Lucrecia Camacho comes from Oaxaca, and speaks Mixtec, one of the indigenous languages and cultures of Mexico that was hundreds of years old before the arrival of the Spaniards. Today she lives in Oxnard, California. Because of her age and poor health, she no longer toils as a farmworker, but she spent much of her life in Oxnard's strawberry fields, and before that, in the cotton fields of northern Mexico. She told her story to David Bacon.

I was born in a little town called San Francisco Higos, Oaxaca. I've worked all of my life. I started to work in Baja California when I was a little girl. I've worked in the fields all of my life, because I don't know how to read or write. I never had an opportunity to go to school. I didn't even know what my own name was until I needed my birth certificate for the immigration amnesty paperwork after I'd come to the US.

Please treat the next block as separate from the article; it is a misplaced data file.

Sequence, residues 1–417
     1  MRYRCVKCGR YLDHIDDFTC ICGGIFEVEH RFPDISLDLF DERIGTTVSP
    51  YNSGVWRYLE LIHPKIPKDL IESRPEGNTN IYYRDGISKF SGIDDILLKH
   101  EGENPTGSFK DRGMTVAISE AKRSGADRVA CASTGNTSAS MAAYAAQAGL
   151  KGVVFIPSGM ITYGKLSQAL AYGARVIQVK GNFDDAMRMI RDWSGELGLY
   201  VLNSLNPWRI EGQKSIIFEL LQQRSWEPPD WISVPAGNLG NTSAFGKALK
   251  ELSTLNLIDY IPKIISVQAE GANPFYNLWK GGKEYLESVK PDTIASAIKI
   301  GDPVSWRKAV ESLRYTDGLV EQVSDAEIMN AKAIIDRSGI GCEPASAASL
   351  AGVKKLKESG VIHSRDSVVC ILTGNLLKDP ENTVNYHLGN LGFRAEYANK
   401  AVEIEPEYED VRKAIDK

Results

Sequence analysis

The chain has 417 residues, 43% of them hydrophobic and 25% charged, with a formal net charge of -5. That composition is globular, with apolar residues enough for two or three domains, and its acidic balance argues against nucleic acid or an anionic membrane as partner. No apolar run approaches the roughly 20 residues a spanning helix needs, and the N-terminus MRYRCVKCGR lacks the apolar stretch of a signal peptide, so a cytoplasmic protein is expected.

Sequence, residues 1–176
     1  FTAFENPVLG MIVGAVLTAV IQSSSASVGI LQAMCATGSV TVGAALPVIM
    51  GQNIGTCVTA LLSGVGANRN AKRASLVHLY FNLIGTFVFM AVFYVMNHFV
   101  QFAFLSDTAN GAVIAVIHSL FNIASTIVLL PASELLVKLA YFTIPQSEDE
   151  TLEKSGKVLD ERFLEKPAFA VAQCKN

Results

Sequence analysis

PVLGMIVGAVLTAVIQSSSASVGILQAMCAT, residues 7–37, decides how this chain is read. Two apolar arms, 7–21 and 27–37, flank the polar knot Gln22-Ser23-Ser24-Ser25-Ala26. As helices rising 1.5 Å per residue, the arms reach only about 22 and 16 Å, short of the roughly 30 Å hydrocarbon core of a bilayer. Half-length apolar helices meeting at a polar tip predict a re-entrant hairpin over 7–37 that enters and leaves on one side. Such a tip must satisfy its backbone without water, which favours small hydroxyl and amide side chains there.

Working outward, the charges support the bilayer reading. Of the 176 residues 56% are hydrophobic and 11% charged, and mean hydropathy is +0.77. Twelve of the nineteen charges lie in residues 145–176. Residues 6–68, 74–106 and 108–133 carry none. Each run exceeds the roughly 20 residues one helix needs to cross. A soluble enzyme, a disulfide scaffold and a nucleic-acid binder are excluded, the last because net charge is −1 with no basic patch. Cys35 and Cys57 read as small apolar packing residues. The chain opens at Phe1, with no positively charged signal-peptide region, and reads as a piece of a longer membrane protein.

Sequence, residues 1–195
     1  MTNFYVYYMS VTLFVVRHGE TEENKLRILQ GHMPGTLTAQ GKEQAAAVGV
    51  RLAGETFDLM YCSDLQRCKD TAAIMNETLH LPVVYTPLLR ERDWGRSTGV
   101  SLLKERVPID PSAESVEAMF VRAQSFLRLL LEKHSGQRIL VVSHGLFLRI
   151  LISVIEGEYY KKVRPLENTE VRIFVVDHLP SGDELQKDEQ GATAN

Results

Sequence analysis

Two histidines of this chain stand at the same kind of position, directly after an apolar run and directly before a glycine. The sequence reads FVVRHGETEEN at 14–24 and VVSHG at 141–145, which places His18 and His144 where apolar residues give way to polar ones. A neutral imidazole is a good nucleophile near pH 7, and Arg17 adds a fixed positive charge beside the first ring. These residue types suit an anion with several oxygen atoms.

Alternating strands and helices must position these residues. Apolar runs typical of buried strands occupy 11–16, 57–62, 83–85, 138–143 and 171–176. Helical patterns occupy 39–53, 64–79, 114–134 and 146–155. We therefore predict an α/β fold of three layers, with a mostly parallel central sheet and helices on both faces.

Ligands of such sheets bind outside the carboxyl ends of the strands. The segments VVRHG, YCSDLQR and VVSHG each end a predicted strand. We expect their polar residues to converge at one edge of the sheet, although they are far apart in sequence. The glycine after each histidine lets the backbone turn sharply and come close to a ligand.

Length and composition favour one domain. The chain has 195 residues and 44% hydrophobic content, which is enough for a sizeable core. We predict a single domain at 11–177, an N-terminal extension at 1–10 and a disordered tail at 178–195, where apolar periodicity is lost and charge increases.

When I was seven, my mother, stepfather and I hitchhiked from Oaxaca to Mexicali, and I lived there for two years. I spent my childhood in Mexicali during the bracero years. I would see the braceros (Mexican guest workers) pass through on their way to Calexico, on the US side. I would beg in the streets of Calexico and they would throw me bread and canned beans on their way back home. I also begged in Tijuana. I'm not ashamed to share that because that is how I grew up. [...]

Read the full article:

Thursday, January 17, 2013

What Are 'Peacekeepers' Doing in a Haitian Industrial Park?

By David L. Wilson, Upside Down World
January 14, 2013

The big industrial park near the international airport north of Port-au-Prince actually does look like a nature park. Thousands of Haitians may be inside the complex’s 47 buildings hurriedly stitching tens of thousands of T-shirts for the North American market, but the wide, tree-lined streets between the factory seem peaceful when you drive along them in mid-morning on a workday. It’s as if you were in a gated community in the United States, a thousand miles from the noisy chaos of the Haitian capital.

As in many gated communities, there’s a security force at the Metropolitan Industrial Park, which is identified in Haiti as SONAPI, the acronym for Société Nationale des Parcs Industriels, the semi-governmental agency that runs the park. Haitian guards check you out before they allow you to enter, and once inside you find the grounds patrolled by a white car with a big “UN” painted in black on the side. [...]